5 Lessons Learned from Nursing Abroad

As she embarked on a Global Health Education Program trip to Brazil, Chamberlain College of Nursing student Kathier Dang eagerly anticipated helping and caring for patients in need. On her return to the U.S., what she found was that the people she had met had also profoundly changed her – in ways both big and small. 

“I stepped outside of my comfort zone and learned more about myself while being away from home,” she said. “I've learned to be more aware of every situation, go with my instinct and to trust myself. But most of all, I learned that I can adjust and adapt to different surroundings.”

Dang, a 3-Year Bachelor of Science in Nursing student on the Chicago campus, recently shared five of the key lessons she learned from the experience: 

1. Be a Team Player

Working with nurses from different walks of life is just as much a part of the job as learning the customs of the new country you’re traveling to. One of the chief lessons Dang learned on the trip? How to be a team player.  

“Our group was so diverse that it made me realize that sometimes I can't ALWAYS be a leader,” Dang said “Instead, I have to step back and go with the flow. I've learned that I can work with all types of different personalities and be more accepting of other's viewpoints.”

2. Be Open to Every Experience

"My main goal when I was in Brazil was to experience everything,” Dang said. “I took every opportunity given to me and went with my instinct. In order to soak up every aspect of this experience, I knew I had to step up to the plate in every opportunity I got and simply just put myself out there to learn from others and not be afraid.”

Dang has always known she wants to work in pediatrics. But while abroad she had the chance to work with geriatrics, a specialty she had never considered. As she helped an elderly patient to the bathroom, Dang smiled and inquired about the patient and her life.

“Towards the middle of our conversation, the patient told the translator that I have the brightest smile and it’s so big it can light up the room,” she said. “That was one of my favorite moments.”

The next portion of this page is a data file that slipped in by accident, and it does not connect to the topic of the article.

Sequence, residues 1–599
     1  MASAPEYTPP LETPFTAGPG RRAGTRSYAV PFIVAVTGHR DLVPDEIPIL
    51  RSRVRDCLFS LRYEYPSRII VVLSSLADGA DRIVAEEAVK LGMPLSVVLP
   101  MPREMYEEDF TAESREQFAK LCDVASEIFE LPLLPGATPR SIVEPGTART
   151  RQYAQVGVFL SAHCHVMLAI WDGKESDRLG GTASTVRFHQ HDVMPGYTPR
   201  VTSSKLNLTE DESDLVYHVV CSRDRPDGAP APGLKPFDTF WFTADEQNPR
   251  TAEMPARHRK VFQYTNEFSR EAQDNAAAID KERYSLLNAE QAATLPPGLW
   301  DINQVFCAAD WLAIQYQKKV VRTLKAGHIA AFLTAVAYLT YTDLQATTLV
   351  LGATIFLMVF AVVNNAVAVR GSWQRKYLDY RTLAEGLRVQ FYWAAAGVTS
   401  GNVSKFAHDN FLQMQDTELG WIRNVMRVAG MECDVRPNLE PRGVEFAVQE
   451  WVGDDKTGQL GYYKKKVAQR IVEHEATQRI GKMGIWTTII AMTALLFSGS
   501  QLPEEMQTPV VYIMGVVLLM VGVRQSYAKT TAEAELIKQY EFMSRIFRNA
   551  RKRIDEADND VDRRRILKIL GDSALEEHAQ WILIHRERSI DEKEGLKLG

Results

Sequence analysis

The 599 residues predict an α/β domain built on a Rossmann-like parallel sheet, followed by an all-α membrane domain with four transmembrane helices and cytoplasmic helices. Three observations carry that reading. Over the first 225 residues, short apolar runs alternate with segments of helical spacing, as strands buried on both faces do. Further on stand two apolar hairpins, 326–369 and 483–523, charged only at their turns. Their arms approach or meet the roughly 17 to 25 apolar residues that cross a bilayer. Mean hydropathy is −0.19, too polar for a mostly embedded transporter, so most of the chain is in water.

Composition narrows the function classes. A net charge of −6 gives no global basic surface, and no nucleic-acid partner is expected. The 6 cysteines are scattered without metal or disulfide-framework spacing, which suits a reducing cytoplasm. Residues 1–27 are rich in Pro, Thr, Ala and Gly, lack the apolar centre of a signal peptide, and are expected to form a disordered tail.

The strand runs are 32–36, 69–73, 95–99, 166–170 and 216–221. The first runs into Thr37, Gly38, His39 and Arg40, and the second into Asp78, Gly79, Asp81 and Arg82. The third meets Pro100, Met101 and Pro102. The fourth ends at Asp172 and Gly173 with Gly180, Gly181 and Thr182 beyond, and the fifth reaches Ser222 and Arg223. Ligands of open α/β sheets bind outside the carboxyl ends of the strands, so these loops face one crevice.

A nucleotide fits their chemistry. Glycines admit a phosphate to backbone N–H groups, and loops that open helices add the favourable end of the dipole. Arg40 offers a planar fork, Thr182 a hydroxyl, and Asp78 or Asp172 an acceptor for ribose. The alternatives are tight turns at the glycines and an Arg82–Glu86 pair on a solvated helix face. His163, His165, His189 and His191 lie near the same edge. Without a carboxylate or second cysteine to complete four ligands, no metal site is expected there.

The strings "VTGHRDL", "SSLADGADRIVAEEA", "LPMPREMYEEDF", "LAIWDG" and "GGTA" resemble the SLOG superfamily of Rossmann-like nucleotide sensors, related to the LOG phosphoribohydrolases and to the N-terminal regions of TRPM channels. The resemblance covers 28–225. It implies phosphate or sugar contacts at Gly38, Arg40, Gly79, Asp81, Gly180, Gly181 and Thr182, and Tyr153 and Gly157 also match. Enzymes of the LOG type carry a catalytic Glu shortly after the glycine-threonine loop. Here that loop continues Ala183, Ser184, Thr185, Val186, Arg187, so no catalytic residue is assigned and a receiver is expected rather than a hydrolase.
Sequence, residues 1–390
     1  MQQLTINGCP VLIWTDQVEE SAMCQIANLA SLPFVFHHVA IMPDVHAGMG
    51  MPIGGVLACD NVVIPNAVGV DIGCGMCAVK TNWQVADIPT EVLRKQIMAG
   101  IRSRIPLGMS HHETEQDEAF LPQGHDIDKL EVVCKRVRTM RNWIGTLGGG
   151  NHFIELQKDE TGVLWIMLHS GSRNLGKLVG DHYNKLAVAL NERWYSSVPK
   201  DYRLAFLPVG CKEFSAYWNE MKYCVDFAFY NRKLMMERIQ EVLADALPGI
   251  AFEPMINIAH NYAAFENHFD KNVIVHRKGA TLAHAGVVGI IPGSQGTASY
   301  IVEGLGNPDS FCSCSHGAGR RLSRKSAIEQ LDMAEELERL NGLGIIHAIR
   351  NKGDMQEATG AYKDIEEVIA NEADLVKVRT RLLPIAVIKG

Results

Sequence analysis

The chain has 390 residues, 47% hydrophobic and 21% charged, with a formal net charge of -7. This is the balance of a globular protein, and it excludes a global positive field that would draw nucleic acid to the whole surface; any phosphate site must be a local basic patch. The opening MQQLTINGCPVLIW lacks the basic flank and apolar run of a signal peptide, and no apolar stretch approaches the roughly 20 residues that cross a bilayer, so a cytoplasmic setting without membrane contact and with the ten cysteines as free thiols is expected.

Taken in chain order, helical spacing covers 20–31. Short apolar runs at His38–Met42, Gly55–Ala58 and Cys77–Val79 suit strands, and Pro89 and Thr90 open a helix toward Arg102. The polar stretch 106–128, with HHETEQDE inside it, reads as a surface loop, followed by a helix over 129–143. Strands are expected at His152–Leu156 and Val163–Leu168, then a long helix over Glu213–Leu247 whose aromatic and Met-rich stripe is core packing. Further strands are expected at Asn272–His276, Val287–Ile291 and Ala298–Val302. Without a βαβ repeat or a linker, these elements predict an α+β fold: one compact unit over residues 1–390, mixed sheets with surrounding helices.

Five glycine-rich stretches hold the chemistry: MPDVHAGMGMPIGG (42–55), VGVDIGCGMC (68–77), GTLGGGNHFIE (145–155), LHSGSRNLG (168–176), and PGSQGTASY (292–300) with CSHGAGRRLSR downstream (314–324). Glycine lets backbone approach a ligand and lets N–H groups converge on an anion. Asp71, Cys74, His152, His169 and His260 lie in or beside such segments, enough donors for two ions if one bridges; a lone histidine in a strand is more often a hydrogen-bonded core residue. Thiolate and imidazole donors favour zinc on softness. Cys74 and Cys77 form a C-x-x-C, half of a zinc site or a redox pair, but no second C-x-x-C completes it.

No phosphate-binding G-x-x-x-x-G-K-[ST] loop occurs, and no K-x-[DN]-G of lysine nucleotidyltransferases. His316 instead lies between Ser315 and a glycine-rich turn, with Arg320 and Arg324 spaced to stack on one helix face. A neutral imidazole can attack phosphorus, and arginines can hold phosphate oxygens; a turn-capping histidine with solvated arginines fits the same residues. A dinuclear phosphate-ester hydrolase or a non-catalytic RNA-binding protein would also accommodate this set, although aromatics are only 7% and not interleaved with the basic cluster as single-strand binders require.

3. Be Confident

Dang initially struggled with the language barrier between herself and her patients, but quickly put her doubts aside in order to get the job done.

“I kind of felt intimidated at first,” she said. “I didn’t want to make a fool of myself but I learned that I need to step out of my comfort zone and just go with the flow.”

As a result of her willingness to dive head first into a new situation, Dang not only became more confident herself but others noticed the difference.

“During the one-on-one evaluation at the end of the trip, my instructor told me I am more confident, she can see it!” Dang said. “I’m more confident in everything I do and I trust myself more. I think that’s one of the most important things as a nurse, you need to be confident.”


4. Improvise Where Needed

The Global Health Education Program does more than test your current skills. It also forces you to improvise and strengthen yourself as a nurse, Dang says.

While caring for one patient, she needed to place EKG leads on them, a skill she had previously practiced on a mannequin in the SIMCARE CenterTM.  However, when it didn’t work as planned, she had to find tape at the hospital to make it work.

“We had to be more creative with everything,” she said. “I feel like that’s important because not every hospital is going to have everything you need.”


5. A Small Act Can Make a Big Difference 

During a day spent working with children and teaching them about hygiene and personal care, Chamberlain students also gave the children something to color with and it brightened their entire day.

“We handed out stickers and art supplies and I didn’t know that one sheet of coloring paper could make their day,” she said. “Just one sheet of paper to color on.”

Feeling inspired by Kathier and all she experienced on her trip to Brazil? Learn more about the 
Global Health Education Program at the Chamberlain College of Nursing here

Important information about the educational debt, earnings, and completion rates of students who attended this program can be found at www.chamberlain.edu/bsndisclosure

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